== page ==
Some months ago we where cleaning out one of our prop storage rooms (they really tend to fill up and get messy very quickly). While throwing out old useless stuff, I found the leftovers from a 50ies or 60ies pram. There was no more cover, the wheels belonged to another pram, only the body and the handle were left.
Somehow it jumped to my mind, let's build a trailer for my kid out of this!
And that's exactly what I did!
I divided this instructable in "logical steps" rather than using chronological order. So you will see various stages of the trailer conversion in each step. I did a lot of switching between different parts of the work, as this build went on for about 4 months. First I worked at the props workshop in the theatre, whenever there was a time slot I normally would have used to get home earlier or to grab some coffee and have a chat. It was also nice to work with proper tools (for example the vent for the paintjob) and to have lots of scrap wood and other materials at hand. After the hardware jobs where done I took the trailer home for sewing and upholstery.
The tools I used for this build are to many to list one by one. Worth to mention besides the usual suspects (powerdrill, spraycans, staple gun and various pliers, drills and knives,...) are probably a pipe cutter (step 3), the vent (step 4), my sewing machine (step 8), the hole punches and press pliers (step 8), all the rest you need for a project like this you probably will have at hand already...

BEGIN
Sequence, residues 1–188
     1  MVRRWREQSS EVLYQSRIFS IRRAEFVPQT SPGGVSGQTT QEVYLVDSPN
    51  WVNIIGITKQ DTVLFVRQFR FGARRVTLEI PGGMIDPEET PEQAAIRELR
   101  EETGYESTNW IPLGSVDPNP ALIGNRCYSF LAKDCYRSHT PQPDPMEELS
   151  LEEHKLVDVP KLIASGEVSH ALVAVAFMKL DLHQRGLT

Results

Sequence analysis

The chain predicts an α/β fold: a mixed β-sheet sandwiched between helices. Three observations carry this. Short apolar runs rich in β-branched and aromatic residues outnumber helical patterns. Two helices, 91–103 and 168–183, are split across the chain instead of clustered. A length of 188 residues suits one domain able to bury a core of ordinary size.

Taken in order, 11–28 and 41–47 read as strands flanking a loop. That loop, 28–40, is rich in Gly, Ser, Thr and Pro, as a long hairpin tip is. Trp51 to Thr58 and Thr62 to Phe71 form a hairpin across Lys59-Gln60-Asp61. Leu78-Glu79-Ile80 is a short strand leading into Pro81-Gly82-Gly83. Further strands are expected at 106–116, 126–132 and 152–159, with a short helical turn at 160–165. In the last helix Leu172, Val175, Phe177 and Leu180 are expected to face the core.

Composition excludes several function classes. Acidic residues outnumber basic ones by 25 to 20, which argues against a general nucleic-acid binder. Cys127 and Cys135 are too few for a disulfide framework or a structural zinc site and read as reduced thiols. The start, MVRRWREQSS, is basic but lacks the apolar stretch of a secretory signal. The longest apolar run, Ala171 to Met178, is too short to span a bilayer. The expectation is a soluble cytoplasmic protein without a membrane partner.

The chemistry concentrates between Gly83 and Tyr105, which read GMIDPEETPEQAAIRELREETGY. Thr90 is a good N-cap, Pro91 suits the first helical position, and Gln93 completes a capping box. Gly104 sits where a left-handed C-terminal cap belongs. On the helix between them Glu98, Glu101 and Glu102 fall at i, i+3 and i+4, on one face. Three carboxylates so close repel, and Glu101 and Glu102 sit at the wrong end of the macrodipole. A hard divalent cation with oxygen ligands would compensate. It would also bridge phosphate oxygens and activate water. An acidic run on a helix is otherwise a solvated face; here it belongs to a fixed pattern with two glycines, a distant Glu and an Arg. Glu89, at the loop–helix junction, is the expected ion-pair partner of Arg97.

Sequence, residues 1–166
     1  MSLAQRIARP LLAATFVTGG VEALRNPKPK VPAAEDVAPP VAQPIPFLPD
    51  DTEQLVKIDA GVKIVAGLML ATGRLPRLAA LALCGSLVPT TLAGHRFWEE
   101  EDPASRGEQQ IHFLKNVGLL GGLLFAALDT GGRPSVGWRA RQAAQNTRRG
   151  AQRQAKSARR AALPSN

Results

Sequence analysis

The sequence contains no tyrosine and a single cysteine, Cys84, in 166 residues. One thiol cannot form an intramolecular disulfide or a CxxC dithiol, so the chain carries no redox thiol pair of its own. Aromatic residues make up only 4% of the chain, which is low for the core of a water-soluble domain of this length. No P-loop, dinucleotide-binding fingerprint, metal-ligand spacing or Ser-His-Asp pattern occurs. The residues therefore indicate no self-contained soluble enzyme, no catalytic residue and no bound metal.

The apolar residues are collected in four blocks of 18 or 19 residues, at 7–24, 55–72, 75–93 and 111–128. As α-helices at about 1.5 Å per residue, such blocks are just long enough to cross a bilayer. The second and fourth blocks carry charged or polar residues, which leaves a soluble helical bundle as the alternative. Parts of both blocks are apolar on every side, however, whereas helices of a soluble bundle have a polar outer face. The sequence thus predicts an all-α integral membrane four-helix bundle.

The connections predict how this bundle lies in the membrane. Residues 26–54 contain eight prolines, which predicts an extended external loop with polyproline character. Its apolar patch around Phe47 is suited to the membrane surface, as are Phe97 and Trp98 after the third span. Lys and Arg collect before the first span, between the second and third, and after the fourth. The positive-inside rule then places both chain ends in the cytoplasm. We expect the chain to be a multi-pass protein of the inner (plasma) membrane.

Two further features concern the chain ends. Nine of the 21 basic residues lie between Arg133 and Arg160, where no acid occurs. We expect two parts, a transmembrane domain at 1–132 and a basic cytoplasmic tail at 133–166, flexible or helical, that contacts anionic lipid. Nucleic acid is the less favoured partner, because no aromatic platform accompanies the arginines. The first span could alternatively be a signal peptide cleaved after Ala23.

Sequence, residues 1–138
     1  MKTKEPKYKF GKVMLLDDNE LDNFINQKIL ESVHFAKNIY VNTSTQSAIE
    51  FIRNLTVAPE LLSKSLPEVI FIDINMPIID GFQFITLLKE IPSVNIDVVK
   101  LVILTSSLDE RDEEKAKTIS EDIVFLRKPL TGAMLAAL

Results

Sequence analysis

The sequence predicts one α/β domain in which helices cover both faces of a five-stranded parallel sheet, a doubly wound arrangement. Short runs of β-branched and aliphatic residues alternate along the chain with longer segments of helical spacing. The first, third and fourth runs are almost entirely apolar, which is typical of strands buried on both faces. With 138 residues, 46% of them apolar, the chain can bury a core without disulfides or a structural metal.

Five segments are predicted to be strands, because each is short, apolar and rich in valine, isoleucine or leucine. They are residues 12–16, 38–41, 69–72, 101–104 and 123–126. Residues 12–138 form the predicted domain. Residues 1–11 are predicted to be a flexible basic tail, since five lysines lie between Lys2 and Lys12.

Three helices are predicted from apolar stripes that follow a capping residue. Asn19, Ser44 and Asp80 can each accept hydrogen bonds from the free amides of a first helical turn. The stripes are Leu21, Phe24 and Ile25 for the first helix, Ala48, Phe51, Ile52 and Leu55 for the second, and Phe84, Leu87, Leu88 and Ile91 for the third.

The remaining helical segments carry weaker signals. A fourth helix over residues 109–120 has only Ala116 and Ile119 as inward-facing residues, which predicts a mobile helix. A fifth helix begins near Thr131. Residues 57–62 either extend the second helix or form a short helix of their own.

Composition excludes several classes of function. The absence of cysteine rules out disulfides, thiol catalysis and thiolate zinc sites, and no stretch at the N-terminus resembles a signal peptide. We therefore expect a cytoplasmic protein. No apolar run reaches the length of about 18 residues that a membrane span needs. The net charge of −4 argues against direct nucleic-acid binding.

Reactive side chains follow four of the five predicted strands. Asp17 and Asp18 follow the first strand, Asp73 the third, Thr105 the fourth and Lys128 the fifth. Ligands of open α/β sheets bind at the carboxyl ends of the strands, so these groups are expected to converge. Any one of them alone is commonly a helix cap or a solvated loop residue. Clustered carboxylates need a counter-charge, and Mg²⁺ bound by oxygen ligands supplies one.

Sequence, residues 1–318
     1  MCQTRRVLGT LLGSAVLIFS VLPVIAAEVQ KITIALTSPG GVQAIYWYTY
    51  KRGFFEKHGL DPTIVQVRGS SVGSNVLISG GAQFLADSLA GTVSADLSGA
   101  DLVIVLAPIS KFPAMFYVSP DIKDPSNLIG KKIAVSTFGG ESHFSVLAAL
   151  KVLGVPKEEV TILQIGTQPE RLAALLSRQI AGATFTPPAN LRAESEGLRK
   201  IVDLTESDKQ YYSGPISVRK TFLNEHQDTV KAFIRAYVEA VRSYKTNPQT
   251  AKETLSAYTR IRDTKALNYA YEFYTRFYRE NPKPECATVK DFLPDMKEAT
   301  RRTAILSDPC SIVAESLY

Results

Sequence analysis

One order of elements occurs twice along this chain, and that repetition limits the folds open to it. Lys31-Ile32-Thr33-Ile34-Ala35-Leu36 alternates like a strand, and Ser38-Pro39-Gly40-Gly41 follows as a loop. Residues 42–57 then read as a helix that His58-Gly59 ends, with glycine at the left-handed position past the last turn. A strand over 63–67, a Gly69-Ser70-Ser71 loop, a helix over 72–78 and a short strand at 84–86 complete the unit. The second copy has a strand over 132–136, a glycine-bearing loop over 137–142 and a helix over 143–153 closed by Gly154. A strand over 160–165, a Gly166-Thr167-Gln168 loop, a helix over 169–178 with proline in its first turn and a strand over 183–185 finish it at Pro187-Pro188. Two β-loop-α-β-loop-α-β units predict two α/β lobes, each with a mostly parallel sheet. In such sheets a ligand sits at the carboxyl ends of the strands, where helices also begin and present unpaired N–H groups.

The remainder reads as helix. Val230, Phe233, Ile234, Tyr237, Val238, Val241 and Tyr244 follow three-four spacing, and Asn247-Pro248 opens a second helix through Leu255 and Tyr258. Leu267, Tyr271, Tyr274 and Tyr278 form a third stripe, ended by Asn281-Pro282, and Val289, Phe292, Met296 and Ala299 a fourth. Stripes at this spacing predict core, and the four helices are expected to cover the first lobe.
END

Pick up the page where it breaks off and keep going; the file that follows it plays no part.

Step 1: Planning
In the beginning there was an idea, then came a plan, at least sort of...
There was I with the leftovers of the pram. First I did some measuring. I very quickly decided to get an old kids trailer for the chassis. I found one close by for 30 €.
Back in the shop I almost couldn't believe that the lenght of the trailer was a perfect fit for my project. With the excess width I dealt later.
The side parts from the softtop of the old trailer should go in to a angled position to give a nice silhouette.
The original floor panel had to come off. I wanted a curved underbody. Like this it also should be possible to lower the seating position as much as possible to get the center of gravity down.
Step 2: Bodywork
First of all, I took of the handle and the last remaining other metall parts. Then ripped of what was left from the upholstery on the edge of the opening.
Then I cut off a bit of the sidepanels in each corner, so that the wooden frame could sit firmly on the chassis of the donor trailer.